A study involving 152 children aged 7 and 8 examined the phenomenon of shyness. Researchers evaluated their behavior, physiological responses, and self-reported nervousness during a speech task. Results indicated that around 10% of the children consistently exhibited high stress levels and long-term shyness, suggesting a connection to temperament. Additionally, approximately 25% of initially non-shy children demonstrated increased social stress reactivity during the speech, highlighting that while speech-induced shyness is common, individuals with a shy temperament may consistently find attention stressful across different situations.

Pérez-Edgar emphasized that shyness, often overlooked in comparison to outgoing personalities, is not inherently problematic. Extroversion tends to be favored in Western cultures, but it is crucial to acknowledge the diverse range of traits and their unique contributions. Pérez-Edgar underscored that anyone can experience shyness in specific circumstances, and highly shy individuals can lead fulfilling social lives, albeit in a more subdued manner. Approximately half of persistently shy children may develop anxiety disorders, impacting their academic performance, social interactions, and activities. Intervention is necessary, and families should be attentive to signs of anxiety, particularly in shy children. It’s important to note that not all shy children are the same, and many of them grow up to be well-adjusted adults, highlighting the variability within shyness.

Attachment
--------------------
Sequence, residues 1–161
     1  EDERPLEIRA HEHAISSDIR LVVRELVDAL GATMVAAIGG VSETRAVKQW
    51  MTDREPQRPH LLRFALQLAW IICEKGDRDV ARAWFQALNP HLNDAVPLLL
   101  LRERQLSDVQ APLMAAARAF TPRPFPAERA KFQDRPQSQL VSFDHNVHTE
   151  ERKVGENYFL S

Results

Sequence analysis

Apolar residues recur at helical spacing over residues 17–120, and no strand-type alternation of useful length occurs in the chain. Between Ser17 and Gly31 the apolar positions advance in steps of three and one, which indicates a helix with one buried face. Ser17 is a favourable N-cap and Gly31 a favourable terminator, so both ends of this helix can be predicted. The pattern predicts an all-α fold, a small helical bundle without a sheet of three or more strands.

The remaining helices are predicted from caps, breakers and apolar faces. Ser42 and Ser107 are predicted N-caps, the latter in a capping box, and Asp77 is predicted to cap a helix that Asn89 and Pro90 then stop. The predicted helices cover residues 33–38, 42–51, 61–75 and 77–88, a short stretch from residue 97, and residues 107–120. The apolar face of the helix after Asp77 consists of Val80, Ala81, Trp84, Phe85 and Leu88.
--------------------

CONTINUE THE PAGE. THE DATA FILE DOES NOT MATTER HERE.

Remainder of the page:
To address shyness-related avoidance, Dr. Erika Chiappini advises parents to describe behavior and normalize feelings instead of labeling the child as shy. Gradual prompts for engagement can be beneficial, as avoidance can worsen future anxiety. Seeking support from a pediatrician or school counselor is recommended, as various therapies, including medication and non-medication approaches, effectively assist children and teenagers with anxiety.